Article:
As Wall Street attempts to understand where and how cryptocurrencies can fit into its ecosystem, Terry Duffy believes the future won’t look too different from the past.
The CME Group chairman and CEO told Business Insider that stablecoins, cryptocurrencies backed by currencies such as the dollar or euro, could be the best way to enjoy the benefits of using a digital currency that still has some of the characteristics of traditional money.
“How do we figure out how to get the cryptos in there, but just have them backed up by fiat, and let that work as it is,” said Duffy in an exclusive interview at FIA’s International Futures Industry Conference in Florida earlier in March.
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Duffy, whose own exchange has listed Bitcoin futures contracts since 2017, said the focus within the crypto community is too often around the value of coins, as opposed to actual use cases.
“Once you get the use of it, the price will take care of itself,” Duffy said. “But the argument has gone only to the price of say Bitcoin or any other cryptocurrency. No one is talking about, ‘How do I use this asset?'”
The big issue these discussions raise is the need to involve regulators, who have kept the cryptocurrencies at arms length as they work to better understand them. Look no further than Bitcoin ETFs, which the Securities and Exchange Commission have declined to approve despite numerous proposals over the years. The lack of an exchange-traded note has led some to speculate it’s limiting the growth of the currency on Wall Street.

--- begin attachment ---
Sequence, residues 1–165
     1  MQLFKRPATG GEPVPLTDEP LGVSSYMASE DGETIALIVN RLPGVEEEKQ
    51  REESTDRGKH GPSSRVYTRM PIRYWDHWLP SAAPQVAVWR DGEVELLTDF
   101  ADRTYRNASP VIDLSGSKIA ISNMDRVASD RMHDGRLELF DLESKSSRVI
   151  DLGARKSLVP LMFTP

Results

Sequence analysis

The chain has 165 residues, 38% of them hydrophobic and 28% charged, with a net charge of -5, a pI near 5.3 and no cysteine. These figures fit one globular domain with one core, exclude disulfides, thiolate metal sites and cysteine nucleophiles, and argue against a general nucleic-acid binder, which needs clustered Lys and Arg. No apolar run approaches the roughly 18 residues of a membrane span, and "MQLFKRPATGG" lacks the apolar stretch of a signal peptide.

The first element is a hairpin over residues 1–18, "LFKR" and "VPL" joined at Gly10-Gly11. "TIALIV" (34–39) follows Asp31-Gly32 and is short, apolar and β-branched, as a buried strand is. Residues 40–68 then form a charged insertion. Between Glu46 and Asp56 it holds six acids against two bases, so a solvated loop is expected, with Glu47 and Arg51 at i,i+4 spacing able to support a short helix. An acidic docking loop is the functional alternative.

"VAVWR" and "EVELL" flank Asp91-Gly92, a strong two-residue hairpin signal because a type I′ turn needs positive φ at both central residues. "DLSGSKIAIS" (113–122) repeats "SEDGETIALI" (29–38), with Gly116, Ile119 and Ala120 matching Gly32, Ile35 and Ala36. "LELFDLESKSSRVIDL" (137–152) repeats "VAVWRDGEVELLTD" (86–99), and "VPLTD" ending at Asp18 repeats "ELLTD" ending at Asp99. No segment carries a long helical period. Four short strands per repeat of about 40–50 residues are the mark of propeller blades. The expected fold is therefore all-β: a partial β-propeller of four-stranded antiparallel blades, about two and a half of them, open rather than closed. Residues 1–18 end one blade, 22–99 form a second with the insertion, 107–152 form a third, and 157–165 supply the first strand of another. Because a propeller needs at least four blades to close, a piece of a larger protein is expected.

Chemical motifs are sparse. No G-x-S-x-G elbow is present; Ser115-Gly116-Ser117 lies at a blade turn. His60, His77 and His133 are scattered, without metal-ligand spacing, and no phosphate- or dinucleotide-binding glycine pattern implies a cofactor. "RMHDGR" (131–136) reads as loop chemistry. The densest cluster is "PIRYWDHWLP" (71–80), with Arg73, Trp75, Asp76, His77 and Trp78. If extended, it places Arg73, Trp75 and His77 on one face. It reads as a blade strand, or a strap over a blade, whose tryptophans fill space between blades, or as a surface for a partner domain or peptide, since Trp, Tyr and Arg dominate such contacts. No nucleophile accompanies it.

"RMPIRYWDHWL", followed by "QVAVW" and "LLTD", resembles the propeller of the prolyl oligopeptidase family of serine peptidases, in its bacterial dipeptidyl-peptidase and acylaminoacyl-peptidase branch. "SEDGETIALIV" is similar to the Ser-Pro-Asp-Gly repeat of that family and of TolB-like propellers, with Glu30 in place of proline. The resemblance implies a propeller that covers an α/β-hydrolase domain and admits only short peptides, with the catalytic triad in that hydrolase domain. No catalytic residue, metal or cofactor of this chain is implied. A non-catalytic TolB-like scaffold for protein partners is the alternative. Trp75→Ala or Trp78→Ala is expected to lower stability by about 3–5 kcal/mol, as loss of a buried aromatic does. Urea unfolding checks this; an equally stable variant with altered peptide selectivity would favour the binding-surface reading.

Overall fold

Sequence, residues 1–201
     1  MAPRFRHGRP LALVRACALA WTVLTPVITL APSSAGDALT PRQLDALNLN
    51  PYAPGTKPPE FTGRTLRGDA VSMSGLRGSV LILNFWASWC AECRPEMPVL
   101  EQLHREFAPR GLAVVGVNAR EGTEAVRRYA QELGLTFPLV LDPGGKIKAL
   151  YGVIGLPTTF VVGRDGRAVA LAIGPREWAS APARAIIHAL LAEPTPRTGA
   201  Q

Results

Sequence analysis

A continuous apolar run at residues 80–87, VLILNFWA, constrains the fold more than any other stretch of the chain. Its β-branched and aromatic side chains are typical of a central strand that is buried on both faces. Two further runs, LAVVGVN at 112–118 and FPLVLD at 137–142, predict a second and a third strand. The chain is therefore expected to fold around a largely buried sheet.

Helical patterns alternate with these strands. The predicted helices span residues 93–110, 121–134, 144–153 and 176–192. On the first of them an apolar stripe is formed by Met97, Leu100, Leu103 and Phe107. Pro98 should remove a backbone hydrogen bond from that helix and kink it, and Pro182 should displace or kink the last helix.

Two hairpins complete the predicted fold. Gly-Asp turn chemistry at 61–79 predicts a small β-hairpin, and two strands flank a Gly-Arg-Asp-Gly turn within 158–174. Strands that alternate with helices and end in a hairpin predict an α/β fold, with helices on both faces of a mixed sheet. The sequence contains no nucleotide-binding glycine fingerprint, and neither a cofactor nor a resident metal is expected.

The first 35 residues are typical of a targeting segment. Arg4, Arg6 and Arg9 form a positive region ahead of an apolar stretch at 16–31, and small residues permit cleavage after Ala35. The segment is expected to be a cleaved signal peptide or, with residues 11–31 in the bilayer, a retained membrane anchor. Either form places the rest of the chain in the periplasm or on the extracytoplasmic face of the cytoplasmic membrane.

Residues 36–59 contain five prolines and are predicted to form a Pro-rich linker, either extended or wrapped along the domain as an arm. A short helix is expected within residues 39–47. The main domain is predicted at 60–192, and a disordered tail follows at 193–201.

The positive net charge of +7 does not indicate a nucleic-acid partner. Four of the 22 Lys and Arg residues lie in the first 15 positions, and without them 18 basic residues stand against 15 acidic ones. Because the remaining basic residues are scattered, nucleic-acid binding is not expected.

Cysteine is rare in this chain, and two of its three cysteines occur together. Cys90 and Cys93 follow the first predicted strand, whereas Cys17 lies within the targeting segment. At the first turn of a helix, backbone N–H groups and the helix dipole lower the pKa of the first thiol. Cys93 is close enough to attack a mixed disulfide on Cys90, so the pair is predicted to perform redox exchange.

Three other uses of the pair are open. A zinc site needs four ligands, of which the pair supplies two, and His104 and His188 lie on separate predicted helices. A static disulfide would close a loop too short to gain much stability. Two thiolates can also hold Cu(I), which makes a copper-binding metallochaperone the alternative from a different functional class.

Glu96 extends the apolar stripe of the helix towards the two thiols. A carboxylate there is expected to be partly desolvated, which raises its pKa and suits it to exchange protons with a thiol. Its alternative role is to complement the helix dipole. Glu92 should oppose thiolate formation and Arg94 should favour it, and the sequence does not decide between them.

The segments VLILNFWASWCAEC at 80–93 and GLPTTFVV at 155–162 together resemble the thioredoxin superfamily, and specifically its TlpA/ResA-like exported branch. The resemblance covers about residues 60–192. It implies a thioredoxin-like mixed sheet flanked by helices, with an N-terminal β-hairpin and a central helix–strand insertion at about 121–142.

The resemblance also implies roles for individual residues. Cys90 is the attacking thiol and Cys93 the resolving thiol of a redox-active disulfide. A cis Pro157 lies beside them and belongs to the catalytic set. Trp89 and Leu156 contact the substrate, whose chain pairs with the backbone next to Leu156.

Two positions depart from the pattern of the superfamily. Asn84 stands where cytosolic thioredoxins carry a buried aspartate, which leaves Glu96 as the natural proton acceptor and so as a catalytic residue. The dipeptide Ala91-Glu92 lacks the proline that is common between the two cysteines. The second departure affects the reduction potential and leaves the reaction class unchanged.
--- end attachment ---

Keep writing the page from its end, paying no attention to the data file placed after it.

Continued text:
Duffy said the biggest thing giving regulators pause when it comes to crypto is its finite amount. A selling point of most cryptocurrencies is that there is a limited supply.
That’s a stark contrast to how traditional economies work in which governments can decide to print additional money at will. As a result, Duffy said the acceptance of using cryptocurrency would be a major leap.
“The governments can’t run unless they can run on a deficit,” Duffy said. “I am trying to figure out why they would say, ‘Sounds good to me, because I want to be responsible and run everything on even-for-even basis. I can’t borrow against anything.'”
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It’s a difficult gap to bridge, but one that’s unavoidable. Duffy said the only way for cryptocurrency to make more progress on Wall Street is to get the greenlight from regulators.
The Commodity Futures Trading Commission is currently reviewing a handful of cryptocurrency projects. Among them is Bakkt, a venture of NYSE’s owner Intercontinental Exchange aimed at building an ecosystem for digital assets that includes working with companies such as Starbucks and Microsoft.
“I do believe that the regulators right now are a little careful about just rubber stamping anything as it relates to crypto,” Duffy said. “You are going to have to have an offering that the regulators are going to have to get comfortable. And I think it is hard to get comfortable with something that is so new like this.
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